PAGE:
Anonymous asked in Science & MathematicsAstronomy & Space · 9 years ago

Are Binoculars Good For Astronomy?

Wondering if there any good for astronomy thinking about getting a pair.

9 Answers

  • 9 years ago
    Favorite Answer

    Well, ..., yes, I agree with Geoff binoculars are great for astronomy and, if you are wise in your purchase decision, they can also be useful for daytime observing as well. Read the write-up below for some suggestions on how to purchase a pair of binoculars.

    --- write up ---

    I've owned a pair of Bushnell 10X50 Powerview binoculars for the past 11+ years and I love them. I've used them for astronomy, as well as, terrestrial observing and they've always been great! They still work as well today as the day I received them as a gift 11+ years ago. I haven't tried the 20x50's but if they work for you then get them. Some things you should look for in binoculars are:

    1) The image quality should be consistent from edge to edge, top to bottom, and throughout the field of view ... no 'coke bottle' effect.

    2) Color rendition should be exactly the same as normal vision. So avoid binoculars with Ruby tinted objectives.

    3) The Image should be correct both up and down and left and right. No inverted images

    4) Items (1,2,3) above should remain true through (once focused) zoom.

    5) Items (1,2,3) should remain in focus through zoom in and zoom out operations.

    6) The binoculars should pass the 'cable test' through zoom in and zoom out operations.

    Cable test - find both thin vertical and horizontal cables with binoculars. As you observe the cables in up and down, and side to side, transitions from sides to side and up and down. The cables should display no chromatic distortion (red, yellow, green, or blue) on either side of the cables.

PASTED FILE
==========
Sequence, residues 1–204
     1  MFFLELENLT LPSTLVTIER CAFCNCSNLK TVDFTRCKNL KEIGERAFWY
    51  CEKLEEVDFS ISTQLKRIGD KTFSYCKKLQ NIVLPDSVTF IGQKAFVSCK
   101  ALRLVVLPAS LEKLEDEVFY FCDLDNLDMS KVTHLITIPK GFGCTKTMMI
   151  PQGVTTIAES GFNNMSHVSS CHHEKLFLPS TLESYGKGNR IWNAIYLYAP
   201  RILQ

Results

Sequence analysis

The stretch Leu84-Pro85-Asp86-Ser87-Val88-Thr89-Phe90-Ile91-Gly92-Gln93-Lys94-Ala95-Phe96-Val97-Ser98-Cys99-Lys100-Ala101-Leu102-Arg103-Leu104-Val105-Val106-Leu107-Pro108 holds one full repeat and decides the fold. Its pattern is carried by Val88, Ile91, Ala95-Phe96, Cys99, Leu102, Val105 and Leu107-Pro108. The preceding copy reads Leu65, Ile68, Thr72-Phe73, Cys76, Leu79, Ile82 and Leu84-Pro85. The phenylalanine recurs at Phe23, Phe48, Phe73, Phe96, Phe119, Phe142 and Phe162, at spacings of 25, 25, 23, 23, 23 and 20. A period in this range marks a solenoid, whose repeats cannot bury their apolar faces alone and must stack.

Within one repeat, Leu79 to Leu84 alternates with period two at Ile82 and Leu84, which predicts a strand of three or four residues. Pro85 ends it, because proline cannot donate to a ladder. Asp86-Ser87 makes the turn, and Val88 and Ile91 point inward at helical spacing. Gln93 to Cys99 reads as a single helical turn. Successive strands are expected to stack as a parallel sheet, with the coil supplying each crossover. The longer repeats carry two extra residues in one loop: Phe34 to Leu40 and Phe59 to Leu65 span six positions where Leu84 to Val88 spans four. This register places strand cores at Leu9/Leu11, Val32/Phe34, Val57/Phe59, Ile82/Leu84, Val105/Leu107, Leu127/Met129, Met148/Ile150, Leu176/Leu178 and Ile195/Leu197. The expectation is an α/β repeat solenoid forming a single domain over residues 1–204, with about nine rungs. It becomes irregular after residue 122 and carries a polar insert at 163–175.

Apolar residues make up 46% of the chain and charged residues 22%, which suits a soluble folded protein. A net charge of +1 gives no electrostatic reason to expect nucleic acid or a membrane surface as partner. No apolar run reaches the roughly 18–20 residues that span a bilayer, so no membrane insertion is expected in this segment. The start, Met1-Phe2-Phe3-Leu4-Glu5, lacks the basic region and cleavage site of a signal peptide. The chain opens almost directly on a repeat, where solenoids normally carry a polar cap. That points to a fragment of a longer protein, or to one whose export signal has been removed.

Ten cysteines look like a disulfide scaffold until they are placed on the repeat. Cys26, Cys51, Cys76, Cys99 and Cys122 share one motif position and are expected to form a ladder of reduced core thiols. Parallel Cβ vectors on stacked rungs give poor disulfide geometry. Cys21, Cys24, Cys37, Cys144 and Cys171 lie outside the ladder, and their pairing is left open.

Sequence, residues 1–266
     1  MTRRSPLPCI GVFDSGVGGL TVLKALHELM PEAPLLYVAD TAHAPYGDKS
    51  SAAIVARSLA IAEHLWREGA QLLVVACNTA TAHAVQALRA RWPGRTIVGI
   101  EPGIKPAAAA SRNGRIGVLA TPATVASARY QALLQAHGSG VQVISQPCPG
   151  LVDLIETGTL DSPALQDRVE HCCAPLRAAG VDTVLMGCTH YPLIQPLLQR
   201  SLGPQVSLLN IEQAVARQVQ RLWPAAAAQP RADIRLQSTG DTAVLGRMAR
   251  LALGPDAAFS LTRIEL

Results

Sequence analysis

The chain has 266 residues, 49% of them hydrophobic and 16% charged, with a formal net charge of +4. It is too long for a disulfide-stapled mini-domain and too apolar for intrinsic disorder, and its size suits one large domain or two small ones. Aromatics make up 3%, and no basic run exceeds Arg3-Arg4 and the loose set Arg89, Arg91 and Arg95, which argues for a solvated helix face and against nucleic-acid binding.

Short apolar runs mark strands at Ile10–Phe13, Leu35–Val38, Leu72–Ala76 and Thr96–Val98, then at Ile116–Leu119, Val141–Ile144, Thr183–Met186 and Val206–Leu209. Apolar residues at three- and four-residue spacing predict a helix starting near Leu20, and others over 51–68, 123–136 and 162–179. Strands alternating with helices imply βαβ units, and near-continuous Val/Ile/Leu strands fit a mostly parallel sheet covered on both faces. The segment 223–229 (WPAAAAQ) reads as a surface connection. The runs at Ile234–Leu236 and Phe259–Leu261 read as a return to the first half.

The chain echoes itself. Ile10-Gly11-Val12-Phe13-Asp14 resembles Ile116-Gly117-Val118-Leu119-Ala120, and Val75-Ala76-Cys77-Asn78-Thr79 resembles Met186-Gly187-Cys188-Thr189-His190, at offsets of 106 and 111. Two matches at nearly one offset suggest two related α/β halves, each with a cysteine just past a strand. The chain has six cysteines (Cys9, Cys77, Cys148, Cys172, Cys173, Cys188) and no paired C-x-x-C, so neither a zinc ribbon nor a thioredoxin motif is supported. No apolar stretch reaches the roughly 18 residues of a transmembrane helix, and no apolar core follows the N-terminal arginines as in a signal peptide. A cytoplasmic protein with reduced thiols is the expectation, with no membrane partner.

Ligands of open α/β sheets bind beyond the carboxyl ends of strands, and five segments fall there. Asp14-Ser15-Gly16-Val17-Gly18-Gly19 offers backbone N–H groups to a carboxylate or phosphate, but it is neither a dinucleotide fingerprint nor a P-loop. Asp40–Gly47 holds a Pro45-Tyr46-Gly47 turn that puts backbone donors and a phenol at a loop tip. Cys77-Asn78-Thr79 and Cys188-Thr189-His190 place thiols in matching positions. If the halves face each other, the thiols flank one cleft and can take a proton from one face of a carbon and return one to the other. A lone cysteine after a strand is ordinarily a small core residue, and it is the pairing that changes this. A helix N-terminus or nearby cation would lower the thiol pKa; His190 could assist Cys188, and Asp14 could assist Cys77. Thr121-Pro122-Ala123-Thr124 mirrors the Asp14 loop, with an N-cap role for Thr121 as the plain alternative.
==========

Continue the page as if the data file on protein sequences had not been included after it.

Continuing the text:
7) They should be comfortable to use and hold not bulky or difficult to handle. Anything beyond 50mm on objective size begin to be difficult to handle which is why 10x50, 16x50, and or 20x50's are great general purpose binoculars. This is of course a purchase decision you must make for yourself.

    8) At least one or more oculars should be "focusable"

    9) Both oculars should have comfortable cups for your eyes and the oculars should be at least 0.5" (1/2 inches) diameter (or better)

    10) Focus both in and out and return to focus. The focus should "snap-in" and images in the feild of view should have a "crisp" or sharp image. No fuzzy images except for things very close. Far away items should be in focus. If you think of binoculars as being an extension of your eyes then that is how they should work.

    11) The primary objectives should be free of any marring, bubbles or grit in the glass, and should be multi-coated (bluish green in color).

    12) Turn the binoculars around and (with the lens caps off) look thought the main objectives to the oculars (you may need to focus slightly. The oculars should be free of any marring, bubbles or grit in the glass.

    13) Don't buy the "straight barrel" (roof prism) type binoculars. By the traditional type (porro prism). The Porro Prism type binoculars are optically better performers.

    14) Generally, any set of binoculars over 50mm (in objective size) are usually too heavy for the average person to hold steady (unless you're Arnold), so, you will most likely need a Trapezoid, Tripod, or Monopole to hold them steady. Of course for pure Astronomy work the larger the objective the better (70mm, 80mm, or larger). just bear in mind that you will need some type of mount to properly steady them ... so figure that cost into your purchase price as well.

    BTW, If your binoculars fail any of these tests don't buy them or return them immediately.

    Also, Wal*Mart sells the Bushnell 10X50's for $34.95 and the Bushnell 20x50's can be found on Amazon for $52.95 which is a great deal.

    Source(s): 11+ years owning and operation Bushnell 10x50 Powerview Binoculars
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  • There are many astronomical things that can be better observed with binoculars than a telescope. Also, given we have two eyes and binocular vision is normal, you can see things that might be hard to discern with a telescope. For example, the Andromeda galaxy, the Magellanic Clouds, and some large star clusters and nebula show up better in my binoculars than my telescopes.